Positive HPV test: What now?
Since the beginning of 2020, when early cervical cancer screening in Germany was supplemented by a routine HPV test for women over 35, more people have been confronted with a positive test result. First, it is important to mention: This is not a reason to panic. A positive HPV test result is not to be equated with a precancerous stage or even cancer. Rather, most sexually active people become infected with human papillomavirus (HPV) at least once in a lifetime. In 90 percent of all cases, the infections heal on their own. If an HPV test is positive, this does not directly require a complex treatment. At first, only the control rhythm changes: Instead of three years, another HPV smear is carried out after twelve months. The first thing to do is to keep calm. (We’ll discuss how to get certainty quickly at the end of the blog post).
What does HPV positive mean?
A positive HPV test indicates a clinically relevant HPV infection on the cervix. This is associated with an increased risk of developing a tissue modification. These changes develop very slowly and over the years. A one-time positive HPV test therefore says nothing about cancer – it only detects a virus infection1.
If a renewed HPV smear is also positive after one year, a so-called colposcopy follows within three months. A special magnifying glass is used to clarify whether there are any changes in the tissue2.
In around ten percent of those infected, the body cannot successfully fight HPV on its own. Accordingly, tissue changes may develop that correspond to precursors of cervical cancer or may develop in the course of cancer3. In numbers, in Germany this applies to 4,500 people out of up to 500,000 who receive a conspicuous test result every year. It is therefore important to take precautions.
Differentiation between high and low risk HPV types
Over 200 different HPV types are now known. Cervical cancer or genital warts are caused by around 40 HPV types. They are divided into two categories4:
- The low-risk types can cause bothersome and recurring genital warts. These can be treated well with various treatment options (e.g. ointments, icing, laser therapy).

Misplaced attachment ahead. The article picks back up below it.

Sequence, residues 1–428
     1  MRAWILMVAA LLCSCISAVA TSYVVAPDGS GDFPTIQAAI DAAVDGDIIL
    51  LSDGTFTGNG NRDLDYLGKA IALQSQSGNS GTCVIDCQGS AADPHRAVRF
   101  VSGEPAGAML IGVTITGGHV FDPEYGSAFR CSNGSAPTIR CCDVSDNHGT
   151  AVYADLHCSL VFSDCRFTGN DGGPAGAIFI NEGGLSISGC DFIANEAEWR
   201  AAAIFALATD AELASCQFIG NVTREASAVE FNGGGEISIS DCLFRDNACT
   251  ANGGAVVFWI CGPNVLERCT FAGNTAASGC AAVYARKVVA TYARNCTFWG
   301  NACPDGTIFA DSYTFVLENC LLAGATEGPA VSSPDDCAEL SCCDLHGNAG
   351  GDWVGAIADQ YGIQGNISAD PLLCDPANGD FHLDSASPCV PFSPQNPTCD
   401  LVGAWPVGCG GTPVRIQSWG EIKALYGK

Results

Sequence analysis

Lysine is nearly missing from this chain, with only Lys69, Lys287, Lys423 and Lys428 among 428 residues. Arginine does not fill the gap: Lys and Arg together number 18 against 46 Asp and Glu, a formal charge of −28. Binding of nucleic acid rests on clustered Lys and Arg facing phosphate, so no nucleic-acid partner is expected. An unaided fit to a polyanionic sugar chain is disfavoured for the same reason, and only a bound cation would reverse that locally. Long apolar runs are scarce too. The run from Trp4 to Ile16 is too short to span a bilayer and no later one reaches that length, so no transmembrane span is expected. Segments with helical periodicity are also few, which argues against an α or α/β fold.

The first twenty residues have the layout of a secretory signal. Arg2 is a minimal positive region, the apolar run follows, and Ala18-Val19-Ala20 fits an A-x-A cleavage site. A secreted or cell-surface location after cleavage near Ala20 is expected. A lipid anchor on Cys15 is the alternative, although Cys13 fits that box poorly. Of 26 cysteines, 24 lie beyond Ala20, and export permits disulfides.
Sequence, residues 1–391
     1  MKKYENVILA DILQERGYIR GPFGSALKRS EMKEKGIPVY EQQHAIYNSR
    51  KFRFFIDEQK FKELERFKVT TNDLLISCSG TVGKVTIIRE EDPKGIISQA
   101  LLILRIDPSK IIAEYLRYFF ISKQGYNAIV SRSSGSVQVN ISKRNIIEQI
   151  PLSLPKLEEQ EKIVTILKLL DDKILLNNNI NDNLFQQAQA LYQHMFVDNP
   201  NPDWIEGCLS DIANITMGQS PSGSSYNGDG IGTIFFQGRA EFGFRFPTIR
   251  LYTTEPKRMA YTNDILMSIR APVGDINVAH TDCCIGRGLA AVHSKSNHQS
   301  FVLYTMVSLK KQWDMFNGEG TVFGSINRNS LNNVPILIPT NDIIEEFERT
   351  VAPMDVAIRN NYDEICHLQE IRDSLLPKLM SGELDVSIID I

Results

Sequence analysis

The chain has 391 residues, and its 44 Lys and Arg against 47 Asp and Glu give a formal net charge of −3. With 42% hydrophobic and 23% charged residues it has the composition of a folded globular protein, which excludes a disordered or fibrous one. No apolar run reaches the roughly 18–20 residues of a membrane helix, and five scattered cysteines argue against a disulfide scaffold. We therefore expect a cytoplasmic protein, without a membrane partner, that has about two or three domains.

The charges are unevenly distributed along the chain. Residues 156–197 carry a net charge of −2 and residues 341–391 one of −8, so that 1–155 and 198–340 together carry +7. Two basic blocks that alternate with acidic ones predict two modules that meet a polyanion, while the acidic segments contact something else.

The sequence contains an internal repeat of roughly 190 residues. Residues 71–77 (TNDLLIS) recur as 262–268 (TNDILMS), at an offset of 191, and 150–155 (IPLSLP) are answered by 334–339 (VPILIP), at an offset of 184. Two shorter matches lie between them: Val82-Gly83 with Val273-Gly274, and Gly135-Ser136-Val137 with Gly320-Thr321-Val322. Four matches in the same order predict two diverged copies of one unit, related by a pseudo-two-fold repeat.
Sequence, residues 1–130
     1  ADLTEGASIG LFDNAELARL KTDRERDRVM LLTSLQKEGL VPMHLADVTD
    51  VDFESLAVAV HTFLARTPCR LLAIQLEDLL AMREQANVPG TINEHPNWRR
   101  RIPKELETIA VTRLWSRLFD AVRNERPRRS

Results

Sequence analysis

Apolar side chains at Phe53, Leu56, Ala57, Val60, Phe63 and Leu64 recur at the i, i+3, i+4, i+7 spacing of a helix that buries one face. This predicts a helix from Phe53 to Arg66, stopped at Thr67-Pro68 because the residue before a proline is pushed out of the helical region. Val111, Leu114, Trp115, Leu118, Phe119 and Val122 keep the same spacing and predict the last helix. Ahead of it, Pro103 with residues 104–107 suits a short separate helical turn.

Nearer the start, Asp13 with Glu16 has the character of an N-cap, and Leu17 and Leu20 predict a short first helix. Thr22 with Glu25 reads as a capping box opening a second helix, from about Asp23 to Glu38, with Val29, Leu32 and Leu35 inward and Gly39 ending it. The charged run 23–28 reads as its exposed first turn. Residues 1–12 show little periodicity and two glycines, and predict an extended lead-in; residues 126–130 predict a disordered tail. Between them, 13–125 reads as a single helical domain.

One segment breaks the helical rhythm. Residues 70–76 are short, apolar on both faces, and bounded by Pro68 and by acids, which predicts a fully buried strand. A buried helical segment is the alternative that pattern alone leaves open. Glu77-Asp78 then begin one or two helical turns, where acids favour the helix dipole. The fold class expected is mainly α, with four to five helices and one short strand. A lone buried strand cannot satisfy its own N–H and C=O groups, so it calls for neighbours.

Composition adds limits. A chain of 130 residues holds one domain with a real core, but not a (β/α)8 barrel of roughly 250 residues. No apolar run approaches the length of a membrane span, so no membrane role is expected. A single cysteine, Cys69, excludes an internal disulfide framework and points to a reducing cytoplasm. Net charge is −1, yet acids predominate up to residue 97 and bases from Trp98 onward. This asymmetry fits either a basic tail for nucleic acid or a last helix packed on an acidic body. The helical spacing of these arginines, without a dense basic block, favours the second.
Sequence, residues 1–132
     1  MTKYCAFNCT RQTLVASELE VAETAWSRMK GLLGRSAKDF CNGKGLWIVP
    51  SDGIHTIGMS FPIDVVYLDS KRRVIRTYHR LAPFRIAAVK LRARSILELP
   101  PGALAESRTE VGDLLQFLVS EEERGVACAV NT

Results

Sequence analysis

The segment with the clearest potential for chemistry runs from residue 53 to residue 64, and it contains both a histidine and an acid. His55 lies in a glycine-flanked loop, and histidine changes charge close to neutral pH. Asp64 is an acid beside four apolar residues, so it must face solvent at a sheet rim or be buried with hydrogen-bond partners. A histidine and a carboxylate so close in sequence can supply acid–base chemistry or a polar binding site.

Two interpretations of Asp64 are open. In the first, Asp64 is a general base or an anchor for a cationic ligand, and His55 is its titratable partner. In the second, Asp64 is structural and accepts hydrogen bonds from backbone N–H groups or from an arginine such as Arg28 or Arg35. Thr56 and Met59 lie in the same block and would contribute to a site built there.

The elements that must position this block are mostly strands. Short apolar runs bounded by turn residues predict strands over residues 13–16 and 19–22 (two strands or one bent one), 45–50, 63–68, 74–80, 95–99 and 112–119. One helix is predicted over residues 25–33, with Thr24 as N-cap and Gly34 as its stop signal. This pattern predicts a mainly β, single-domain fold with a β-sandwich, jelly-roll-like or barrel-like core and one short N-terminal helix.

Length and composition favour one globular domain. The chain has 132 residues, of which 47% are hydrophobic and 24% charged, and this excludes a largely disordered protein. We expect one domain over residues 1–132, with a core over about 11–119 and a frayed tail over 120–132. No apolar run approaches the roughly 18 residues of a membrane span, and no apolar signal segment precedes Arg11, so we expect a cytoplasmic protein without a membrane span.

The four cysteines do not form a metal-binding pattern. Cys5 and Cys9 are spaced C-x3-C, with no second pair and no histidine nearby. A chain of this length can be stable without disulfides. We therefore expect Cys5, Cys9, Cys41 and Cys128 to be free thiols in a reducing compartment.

- If one of the high-risk types is detected, regular follow-up checks for cell changes are essential. The high-risk HPV types can lead to cancer, especially on the cervix. In addition, they are a possible trigger for head-and-neck tumors.
In general, it should be noted that an HPV infection itself cannot be treated. However, the respective effects should be kept in mind and tissue changes should be treated.
HPV: Partnership not necessarily affected
The initial diagnosis of an HPV infection as part of the new preventive care system often raises questions. Since regular tests for HPV in men are not currently planned, infections are primarily detected by cancer screening in women. It is important to know that the infection may have been present for many years or decades. No test procedure can answer the question of when an infection occurred. It also plays no role in the course of the normally harmless infection. The question of who infected whom in a partnership is also difficult to clarify. This is because the virus is widespread in the population as a whole. Accordingly, HPV might be noticed despite a firm partnership.
In new partnerships, the risk of infection can be reduced, for example, by using condoms during sexual intercourse. Another preventive measure is to be vaccinated against various cancer-causing HPV types5.
Quick certainty through GynTect
Of course, the waiting time between the check-ups can be stressful. A study co-authored by our managing directors Dr. Alfred Hansel and Dr. Martina Schmitz showed that the psychological stress involved in cervical cancer screening can even lead to signs of post-traumatic stress disorder6.
In order to resolve these unclear situations as quickly as possible, we have developed GynTect. The molecular biological cervical cancer test is able to detect cancer in its preliminary stages. A smear at the gynecologist is sufficient for the test.
 Projektgruppe ZERVITA (Hrsg.): HPV-Test.
 Deutsches Krebsforschungszentrum (DKFZ) (2021): HPV-positiv: Was nun?
 bis  Dr. med. Katharina Anstett (2020): HPV-Nachweis (Positive Testung auf ein Humanes Papillomavirus).
 Jentschke, M., Lehmann, R., Drews, N., Hansel, A., Schmitz, M., Hillemanns, P. (2020): Psychological distress in cervical cancer screening: results from a German online survey. Archives of Gynecology and Obstetrics, 3/2020, 699-705.
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